Dear Authority Members:
Please note that we represent residents of Spring Township and the Nittany Valley Environmental Coalition in connection with the above-referenced matter. We understand that the Authority is in the process of negotiating an agreement with Nestlé that would convert public resources to Nestlé.
Based on the information available, there is significant concern that the Authority’s contemplated action would be in violation of the Authority’s obligations under Pennsylvania law. Among these obligations are the Authority’s duties under Article I, Section 27 of the Pennsylvania Constitution (“the Environmental Rights Amendment”), which provides, in part, as follows:
“…Pennsylvania’s public natural resources are the common property of all the people, including generations yet to come. As trustee of these resources, the Commonwealth shall conserve and maintain them for the benefit of all the people.”
The Authority is bound by these duties to the same extent as other Pennsylvania agencies and officials. Robinson Twp. v. Commonwealth, 83 A.3d 901 (Pa. 2013)(Robinson II), and Pennsylvania Envtl. Def. Found. v. Commonwealth, 161 A.3d 911 (Pa. 2017)(PEDF). Indeed, as the Pennsylvania Supreme Court has explained,
“Trustee obligations are not vested exclusively in any single branch of Pennsylvania’s government, and instead all agencies and entities of the Commonwealth government, both statewide and local, have a fiduciary duty to act toward the corpus with prudence, loyalty, and impartiality. See Robinson Twp., 83 A.3d at 956–57; see also Pa. L. Journal, 154th General Assembly, No. 118, Reg. Sess., 2269, 2271 (1970).”
PEDF, 161 A.3d at 932 n.23 (emph. added); id. at 940 (Baer, J., concurring).
The water resources that are the subject of the Authority’s contemplated agreement are clearly among the resources protected under the Environmental Rights Amendment. Robinson II, 83 A.3d at 955, 975 (noting that at a minimum, the “public natural resources” protected include “not only state-owned lands, waterways, and mineral reserves, but also resources that implicate the public interest, such as ambient air, surface and ground water, wild flora, and fauna (including fish) that are outside the scope of purely private property”).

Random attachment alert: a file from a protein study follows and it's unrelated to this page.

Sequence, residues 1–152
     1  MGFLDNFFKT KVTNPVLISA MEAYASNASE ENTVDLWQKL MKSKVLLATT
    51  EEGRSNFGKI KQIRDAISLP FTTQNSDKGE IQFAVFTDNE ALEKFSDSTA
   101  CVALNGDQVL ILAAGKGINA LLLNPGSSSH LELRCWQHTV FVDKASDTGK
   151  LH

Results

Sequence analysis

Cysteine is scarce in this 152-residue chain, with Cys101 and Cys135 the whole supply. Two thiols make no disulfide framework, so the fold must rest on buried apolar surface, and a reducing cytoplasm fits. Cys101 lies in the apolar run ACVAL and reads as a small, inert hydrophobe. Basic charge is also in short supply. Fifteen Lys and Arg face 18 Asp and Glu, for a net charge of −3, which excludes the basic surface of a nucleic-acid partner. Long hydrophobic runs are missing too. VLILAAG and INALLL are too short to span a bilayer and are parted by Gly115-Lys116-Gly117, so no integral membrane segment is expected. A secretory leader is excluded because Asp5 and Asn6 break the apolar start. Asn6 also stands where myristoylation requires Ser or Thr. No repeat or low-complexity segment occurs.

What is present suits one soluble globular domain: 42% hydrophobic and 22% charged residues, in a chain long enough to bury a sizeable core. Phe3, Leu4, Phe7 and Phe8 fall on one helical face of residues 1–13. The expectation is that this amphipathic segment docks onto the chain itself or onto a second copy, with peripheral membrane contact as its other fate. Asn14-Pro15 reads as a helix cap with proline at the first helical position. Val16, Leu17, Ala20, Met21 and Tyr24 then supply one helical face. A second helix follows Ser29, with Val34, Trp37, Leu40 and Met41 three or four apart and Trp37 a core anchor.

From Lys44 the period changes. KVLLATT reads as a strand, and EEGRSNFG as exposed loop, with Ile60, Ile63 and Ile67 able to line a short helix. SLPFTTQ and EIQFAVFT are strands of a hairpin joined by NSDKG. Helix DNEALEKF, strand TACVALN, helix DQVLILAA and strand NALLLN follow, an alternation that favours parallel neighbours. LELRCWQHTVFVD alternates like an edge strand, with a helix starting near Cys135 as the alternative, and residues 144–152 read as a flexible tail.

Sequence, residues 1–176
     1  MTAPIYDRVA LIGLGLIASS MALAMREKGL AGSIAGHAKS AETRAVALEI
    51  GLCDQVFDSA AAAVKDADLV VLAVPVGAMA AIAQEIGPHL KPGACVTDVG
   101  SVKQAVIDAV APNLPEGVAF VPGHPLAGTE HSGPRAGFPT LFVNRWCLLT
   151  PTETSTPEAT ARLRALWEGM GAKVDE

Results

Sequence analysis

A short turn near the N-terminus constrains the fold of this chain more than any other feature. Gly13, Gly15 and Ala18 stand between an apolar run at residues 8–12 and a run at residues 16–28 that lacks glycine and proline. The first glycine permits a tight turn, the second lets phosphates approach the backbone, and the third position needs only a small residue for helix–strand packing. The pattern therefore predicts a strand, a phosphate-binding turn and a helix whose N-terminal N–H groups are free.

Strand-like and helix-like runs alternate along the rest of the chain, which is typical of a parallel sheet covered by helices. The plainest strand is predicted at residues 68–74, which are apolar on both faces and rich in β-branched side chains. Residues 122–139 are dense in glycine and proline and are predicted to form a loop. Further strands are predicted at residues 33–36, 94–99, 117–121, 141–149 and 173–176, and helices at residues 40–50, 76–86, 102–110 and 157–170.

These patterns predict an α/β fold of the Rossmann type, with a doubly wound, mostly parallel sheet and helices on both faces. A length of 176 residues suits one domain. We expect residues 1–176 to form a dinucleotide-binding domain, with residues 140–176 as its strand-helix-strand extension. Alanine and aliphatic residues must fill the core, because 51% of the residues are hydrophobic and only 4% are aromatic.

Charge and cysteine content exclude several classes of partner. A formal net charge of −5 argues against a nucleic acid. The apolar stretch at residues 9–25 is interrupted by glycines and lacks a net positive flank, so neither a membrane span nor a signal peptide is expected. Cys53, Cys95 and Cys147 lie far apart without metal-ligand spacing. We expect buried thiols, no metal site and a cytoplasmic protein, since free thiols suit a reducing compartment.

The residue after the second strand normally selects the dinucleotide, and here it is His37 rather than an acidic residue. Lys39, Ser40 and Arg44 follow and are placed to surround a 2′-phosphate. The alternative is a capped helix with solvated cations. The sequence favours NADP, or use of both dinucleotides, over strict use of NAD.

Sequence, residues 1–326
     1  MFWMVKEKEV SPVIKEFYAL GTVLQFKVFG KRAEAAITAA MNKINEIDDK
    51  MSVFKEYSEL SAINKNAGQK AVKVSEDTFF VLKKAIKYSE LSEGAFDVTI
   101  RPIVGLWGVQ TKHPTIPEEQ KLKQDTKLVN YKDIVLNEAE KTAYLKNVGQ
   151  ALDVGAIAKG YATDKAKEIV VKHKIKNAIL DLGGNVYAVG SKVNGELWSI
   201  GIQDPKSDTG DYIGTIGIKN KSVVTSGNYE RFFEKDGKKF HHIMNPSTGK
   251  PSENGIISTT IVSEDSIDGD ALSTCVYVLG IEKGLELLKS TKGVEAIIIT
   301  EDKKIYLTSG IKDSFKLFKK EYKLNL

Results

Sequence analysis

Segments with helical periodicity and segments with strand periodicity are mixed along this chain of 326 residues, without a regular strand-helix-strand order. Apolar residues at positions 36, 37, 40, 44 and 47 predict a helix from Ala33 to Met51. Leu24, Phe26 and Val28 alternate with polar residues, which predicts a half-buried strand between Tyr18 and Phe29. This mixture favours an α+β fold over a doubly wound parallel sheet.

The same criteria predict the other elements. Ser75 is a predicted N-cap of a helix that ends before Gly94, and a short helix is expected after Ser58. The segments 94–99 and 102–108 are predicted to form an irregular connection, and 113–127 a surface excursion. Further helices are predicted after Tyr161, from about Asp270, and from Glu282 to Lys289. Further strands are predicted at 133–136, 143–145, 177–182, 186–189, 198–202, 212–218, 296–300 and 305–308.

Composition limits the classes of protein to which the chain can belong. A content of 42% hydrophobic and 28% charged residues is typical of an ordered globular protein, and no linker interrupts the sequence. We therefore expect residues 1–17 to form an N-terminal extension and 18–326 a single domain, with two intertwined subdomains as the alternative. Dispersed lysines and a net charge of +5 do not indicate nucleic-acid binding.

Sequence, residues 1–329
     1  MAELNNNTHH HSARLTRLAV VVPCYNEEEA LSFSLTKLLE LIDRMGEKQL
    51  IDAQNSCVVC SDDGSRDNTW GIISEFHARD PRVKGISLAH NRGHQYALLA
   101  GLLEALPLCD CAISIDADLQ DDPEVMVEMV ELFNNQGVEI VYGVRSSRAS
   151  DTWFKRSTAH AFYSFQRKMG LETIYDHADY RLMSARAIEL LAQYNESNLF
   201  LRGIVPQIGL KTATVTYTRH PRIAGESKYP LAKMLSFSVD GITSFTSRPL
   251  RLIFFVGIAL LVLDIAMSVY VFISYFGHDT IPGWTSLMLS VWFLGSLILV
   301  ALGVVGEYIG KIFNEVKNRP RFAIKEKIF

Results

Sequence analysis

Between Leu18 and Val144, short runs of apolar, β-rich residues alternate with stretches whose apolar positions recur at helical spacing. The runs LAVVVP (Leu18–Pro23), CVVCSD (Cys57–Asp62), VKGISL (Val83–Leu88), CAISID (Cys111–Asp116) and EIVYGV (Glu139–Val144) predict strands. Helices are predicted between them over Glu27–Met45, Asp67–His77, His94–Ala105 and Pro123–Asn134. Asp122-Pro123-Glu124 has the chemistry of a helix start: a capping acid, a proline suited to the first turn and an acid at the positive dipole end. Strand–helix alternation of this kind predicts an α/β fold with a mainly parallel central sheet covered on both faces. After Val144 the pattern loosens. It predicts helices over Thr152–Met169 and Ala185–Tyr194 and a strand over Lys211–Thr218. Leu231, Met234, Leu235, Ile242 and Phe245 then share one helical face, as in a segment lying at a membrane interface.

The Environmental Rights Amendment “requires each branch of government to consider in advance of proceeding the environmental effect of any proposed action on the constitutionally protected features.” Robinson II, 83 A.3d at 952.
We understand that residents have sought information concerning the proposed agreement, only to be met with delays and denied full access. Please note that, in addition the requirements of the Sunshine Act and Right to Know Law, you have constitutional obligations to promptly provide full information concerning this matter. Robinson II, 83 A.3d at 983 (noting trustee’s “duty of gathering and making available to the beneficiaries complete and accurate information as to the nature and amount of the trust property), citing In re Rosenblum’s Estate, 459 Pa. 201, 328 A.2d 158, 164–65 (1974) (citing Restatement (Second) of Trusts § 173) (right of access to trust records is essential part of beneficiary’s right to complete information concerning administration of trust; right of inspection has independent source in beneficiary’s property interest in trust estate); see also Restatement (Second) of Trusts § 173 cmt. c (“[B]eneficiary is always entitled to such information as is reasonably necessary to enable him to enforce his rights under the trust or to prevent or redress a breach of trust”).
Please be guided accordingly.
Jordan B. Yeager, for Curtin & Heefner LLP